How to Prune, Thin and Transplant Tickseed Coreopsis

How to Prune, Thin and Transplant Tickseed Coreopsis

How to Prune, Thin and Transplant Tickseed Coreopsis

Tickseed, also known as coreopsis, is one of my favorite low water bedding plants. This sun loving perennial has showy yellow blooms and is considered by many to be one of the best native wildflowers to use in a garden. Some of the qualities that make tickseed coreopsis are popular is its long blooming season from early summer to late clear. Tickseed is also disease and pest resistant and once established, requires little in the way of fertilizer or water. It is low maintenance and tolerance for heat is what makes it an ideal bedding plant for organic or xeriscape gardens.

Tickseed Coreopsis is available in most gardening centers from May to July. While you probably would prefer to buy established plants the first year, it does not take too long before you will have more coreopsis than you know what to do with

Tickseed propagates by both seed and division. / p>

In my garden beds, new seedlings seem to pop up in the early spring and mid summer. To prevent overgrowth, the seedlings are thinned by digging them up with a gardening knife. I usually leave the primary plant, but remove all seedlings within 12 inches of the base.

In the spring, these seedlings can easily be transplanted into pony packs or small pot. Summer seedlings however, do not seem to handle the heat as well and tend not to survive the transplant.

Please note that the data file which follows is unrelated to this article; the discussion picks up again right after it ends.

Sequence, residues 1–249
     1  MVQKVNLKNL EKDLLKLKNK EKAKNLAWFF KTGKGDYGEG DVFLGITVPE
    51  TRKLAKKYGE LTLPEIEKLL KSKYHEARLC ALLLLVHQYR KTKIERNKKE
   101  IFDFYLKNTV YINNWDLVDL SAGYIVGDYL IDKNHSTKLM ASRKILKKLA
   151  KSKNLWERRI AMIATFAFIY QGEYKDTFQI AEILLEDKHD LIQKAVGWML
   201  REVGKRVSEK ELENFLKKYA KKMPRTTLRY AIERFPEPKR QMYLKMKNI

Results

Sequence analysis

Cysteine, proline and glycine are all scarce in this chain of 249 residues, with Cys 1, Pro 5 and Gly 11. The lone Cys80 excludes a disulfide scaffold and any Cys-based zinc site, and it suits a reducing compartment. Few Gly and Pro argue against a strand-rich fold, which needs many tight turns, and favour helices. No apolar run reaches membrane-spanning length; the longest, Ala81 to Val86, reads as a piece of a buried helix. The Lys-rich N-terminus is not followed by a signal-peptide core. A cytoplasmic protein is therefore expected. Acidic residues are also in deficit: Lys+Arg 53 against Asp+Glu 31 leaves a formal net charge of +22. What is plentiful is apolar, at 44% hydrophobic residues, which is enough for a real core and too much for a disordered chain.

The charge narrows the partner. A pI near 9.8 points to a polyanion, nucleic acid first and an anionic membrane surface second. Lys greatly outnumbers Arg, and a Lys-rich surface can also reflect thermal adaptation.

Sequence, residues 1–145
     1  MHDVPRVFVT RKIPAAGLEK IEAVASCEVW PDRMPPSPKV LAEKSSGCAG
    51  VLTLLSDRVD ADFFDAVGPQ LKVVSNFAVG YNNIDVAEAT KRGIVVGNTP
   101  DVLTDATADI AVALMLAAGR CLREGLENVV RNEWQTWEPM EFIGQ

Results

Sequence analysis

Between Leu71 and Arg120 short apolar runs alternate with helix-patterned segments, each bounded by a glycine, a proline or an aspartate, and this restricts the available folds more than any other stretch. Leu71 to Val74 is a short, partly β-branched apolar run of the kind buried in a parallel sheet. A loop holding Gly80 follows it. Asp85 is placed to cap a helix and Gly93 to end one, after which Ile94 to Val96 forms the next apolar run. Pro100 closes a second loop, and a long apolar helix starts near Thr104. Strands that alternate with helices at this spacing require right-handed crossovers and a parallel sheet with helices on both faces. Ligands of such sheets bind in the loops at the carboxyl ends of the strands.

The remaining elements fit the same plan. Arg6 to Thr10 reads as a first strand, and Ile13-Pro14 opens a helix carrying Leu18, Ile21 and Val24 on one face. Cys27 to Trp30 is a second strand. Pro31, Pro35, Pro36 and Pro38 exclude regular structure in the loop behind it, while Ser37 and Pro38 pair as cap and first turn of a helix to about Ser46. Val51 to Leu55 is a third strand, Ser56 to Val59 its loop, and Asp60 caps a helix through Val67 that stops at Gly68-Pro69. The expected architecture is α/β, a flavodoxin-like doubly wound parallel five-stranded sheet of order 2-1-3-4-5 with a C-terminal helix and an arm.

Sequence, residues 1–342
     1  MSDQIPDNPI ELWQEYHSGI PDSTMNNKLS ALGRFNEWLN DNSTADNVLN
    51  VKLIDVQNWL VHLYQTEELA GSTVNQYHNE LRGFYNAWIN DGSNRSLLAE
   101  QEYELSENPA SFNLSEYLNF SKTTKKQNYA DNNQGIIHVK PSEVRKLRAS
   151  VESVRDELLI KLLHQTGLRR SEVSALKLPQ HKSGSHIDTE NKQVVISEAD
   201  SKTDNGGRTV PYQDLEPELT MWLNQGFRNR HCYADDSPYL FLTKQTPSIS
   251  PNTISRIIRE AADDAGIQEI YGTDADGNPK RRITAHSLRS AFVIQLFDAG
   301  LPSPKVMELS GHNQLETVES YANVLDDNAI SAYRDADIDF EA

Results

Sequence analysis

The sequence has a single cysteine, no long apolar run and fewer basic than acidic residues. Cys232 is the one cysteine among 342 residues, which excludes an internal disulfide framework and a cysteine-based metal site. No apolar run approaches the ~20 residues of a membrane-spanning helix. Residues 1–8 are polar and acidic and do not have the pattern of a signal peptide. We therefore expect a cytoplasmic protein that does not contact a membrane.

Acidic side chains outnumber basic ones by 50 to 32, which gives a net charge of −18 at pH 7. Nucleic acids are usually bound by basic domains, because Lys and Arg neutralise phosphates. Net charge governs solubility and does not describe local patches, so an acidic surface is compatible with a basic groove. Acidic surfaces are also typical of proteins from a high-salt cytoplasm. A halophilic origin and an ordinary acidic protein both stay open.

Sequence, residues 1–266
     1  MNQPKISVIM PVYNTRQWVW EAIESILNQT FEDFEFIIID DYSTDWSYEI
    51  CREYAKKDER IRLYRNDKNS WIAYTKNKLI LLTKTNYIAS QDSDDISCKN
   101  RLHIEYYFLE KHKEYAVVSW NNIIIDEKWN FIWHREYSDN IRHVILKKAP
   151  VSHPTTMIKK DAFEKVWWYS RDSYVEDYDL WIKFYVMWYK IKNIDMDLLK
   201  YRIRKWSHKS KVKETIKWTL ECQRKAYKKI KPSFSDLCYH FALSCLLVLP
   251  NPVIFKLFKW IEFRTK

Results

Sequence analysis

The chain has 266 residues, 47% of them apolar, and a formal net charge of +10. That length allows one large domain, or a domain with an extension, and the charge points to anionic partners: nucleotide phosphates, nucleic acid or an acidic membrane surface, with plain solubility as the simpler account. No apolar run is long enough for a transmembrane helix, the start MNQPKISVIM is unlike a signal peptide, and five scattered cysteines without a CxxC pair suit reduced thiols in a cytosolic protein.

Before digging up the transplant, the ground should be watered the night before loosen up the soil. The following morning, the seedlings can be dug up with a small hand trowel and repotted into recycled 4 "gardening pots. Since tickseed grows best in sandy soil, I make my own potting mixture by combining potting soil and sand in a 1: 1 ratio.

Some varieties of Tickseed will bloom a second time if pruned. The time to prune after the seed has been opened. The bloom stalks can be pruned individually, or whole handfuls of the stalks can be gathered up and pruned with one snipping.

Propagating by Division

Coreopsis should be divided every 3-5 years to keep the plant healthy. This is best done in the early spring or late fall which allows ample time for the roots to recover from the summer heat or winter freeze.

To divide Coreopsis,

1. Carefully lift the plant out of the ground, using a shovel.
2. Shake off the loose soil. 3. Divide the root clump with your hands. Coreopsis should divide into three or four smaller clumps. 4. Replant the Coreopsis sections, lightly tamping the soil over the roots. Add grass clippings to protect the roots while they recover.

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